Vermont state leaders break ground on Essex mental health facility
ESSEX, Vt. (WCAX) - State and local officials broke ground Friday on a brand new, $16 million psychiatric facility in Essex. The state has taken a few strides to put more inpatient beds online since Tropical Storm Irene destroyed the Vermont State Hospital in 2011, but the need for acute care has grown exponentially over the past decade, putting the state perpetually one step behind.
Actual construction on the new 16-bed residential recovery facility will begin next week, starting with the demolition of the former Woodside Juvenile Rehabilitation Center. Lawmakers agree the project is long overdue.
The vision was originally born out of Tropical Storm Irene, a crisis that Vermont officials say became a blessing in disguise. Governor Phil Scott says the state-of-the-art building will give struggling Vermonters the proper level of mental health care in the most appropriate settings. “The facility will use the latest programming and treatment designed to support recovery, giving individuals the tools they need to be successful when they’re ready to transition back to their communities,” Scott said.
The facility will serve as a step-down from inpatient hospitalization, meaning people in hospital beds can move here when they’re no longer in acute crisis. That allows people waiting for treatment in emergency rooms to get beds in the hospital.
Vt. Mental Health Commissioner Emily Hawes says the system is a continuum that gets stressed when one piece of the puzzle is out of place. “We know today, care facilities that feel more like a home than an institution and that allow easy access to nature helps residents feel safe, which in turn aids recovery,” she said.
But providing a bright, compassionate space hasn’t always been the state’s priority. “I remember thinking how can anyone get well here,” said Vt. District Judge Christina Reiss, recalling a touring of the former Vermont State Hospital’s Waterbury complex before Irene. She says it was depressing -- like an army barracks connected by dark underground tunnels.
Lawmakers say Reiss played an integral role in this project, pushing lawmakers to invest in a permanent replacement. “Jails and emergency rooms should be the last resort, not the first and only option,” Reiss said.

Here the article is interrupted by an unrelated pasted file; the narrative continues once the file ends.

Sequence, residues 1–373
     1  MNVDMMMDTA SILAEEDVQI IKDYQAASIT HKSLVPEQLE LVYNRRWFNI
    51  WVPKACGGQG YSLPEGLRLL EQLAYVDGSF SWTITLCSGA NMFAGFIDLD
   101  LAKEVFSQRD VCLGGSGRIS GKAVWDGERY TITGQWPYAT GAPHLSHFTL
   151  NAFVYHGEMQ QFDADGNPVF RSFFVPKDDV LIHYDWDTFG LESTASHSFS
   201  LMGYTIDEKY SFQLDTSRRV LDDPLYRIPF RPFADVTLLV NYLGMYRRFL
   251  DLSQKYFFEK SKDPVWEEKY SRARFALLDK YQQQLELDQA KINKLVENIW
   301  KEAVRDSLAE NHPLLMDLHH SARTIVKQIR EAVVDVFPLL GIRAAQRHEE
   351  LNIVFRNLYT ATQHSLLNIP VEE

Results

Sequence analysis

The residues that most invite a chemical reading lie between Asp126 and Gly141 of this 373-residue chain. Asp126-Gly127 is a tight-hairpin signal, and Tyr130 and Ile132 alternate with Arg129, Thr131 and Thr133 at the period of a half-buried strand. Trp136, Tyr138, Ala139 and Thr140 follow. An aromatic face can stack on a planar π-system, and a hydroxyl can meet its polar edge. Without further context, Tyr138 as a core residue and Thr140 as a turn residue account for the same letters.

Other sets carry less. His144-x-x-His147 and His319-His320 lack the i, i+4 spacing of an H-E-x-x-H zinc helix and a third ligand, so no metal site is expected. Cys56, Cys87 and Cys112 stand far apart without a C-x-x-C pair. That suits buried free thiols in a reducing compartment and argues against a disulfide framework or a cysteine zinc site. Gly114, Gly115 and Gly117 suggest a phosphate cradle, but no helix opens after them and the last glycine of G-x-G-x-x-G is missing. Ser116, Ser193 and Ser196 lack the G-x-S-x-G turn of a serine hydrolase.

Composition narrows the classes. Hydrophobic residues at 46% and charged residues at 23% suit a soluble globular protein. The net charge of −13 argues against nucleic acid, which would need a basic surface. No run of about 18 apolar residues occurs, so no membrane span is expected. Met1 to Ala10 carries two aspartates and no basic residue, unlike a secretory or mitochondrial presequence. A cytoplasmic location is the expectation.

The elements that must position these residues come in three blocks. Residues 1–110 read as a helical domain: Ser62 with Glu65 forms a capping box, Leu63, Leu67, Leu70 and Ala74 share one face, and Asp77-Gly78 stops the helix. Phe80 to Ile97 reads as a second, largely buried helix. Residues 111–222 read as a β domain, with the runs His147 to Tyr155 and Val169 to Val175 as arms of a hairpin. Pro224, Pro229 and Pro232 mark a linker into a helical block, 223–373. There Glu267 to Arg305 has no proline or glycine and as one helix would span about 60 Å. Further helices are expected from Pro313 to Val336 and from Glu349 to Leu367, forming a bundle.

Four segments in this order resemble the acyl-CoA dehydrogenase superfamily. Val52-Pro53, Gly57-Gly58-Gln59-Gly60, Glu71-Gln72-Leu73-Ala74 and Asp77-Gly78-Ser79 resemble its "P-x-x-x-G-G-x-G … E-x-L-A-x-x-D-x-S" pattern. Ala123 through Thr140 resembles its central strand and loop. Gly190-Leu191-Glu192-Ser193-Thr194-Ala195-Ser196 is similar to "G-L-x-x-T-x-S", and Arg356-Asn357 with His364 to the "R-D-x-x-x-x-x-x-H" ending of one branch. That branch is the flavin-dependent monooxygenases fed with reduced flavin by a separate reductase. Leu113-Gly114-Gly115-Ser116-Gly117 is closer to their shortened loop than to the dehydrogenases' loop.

In 2011, the state lost 54 beds to the storm. The state immediately opened 14 more beds at the Brattleboro Retreat and six at Rutland Regional Medical Center. In 2013, the seven-bed Middlesex Therapeutic Community Residence was created. Then, in 2015, The Vermont Psychiatric Care Hospital in Berlin opened with 25 beds. But that was still 12 fewer beds than the former state hospital.
Those tight, temporary units in Middlesex have fallen apart, making the Essex facility all the more crucial. The legislation for this new facility passed in the wake of Irene. “The Legislature, the governor, the administration is excited because we know we haven’t done a number one job in that area. With this facility we will move ahead and treat people as they should be treated,” said Sen. Dick Mazza, D-Chittenden County.
The center is slated to open in October 2023 where Woodside currently stands. The next challenge will be filling the more than 60 staff clinical and support staff positions: 14 full-time nonclinical staff to support facilities and administrative responsibilities and 49 full-time clinical staff to support needs of the residents.
Woodside Juvenile Rehabilitation Center served as the state’s youth detention center until it was permanently closed in October 2020.
RECOVERY RESIDENCE DETAILS
A clinician will be available on site 24/7, meaning the facility can admit residents after hours or on weekends.
As part of the programming based on modern research, residents will have shared community spaces to gather, eat meals, garden, and practice skills.
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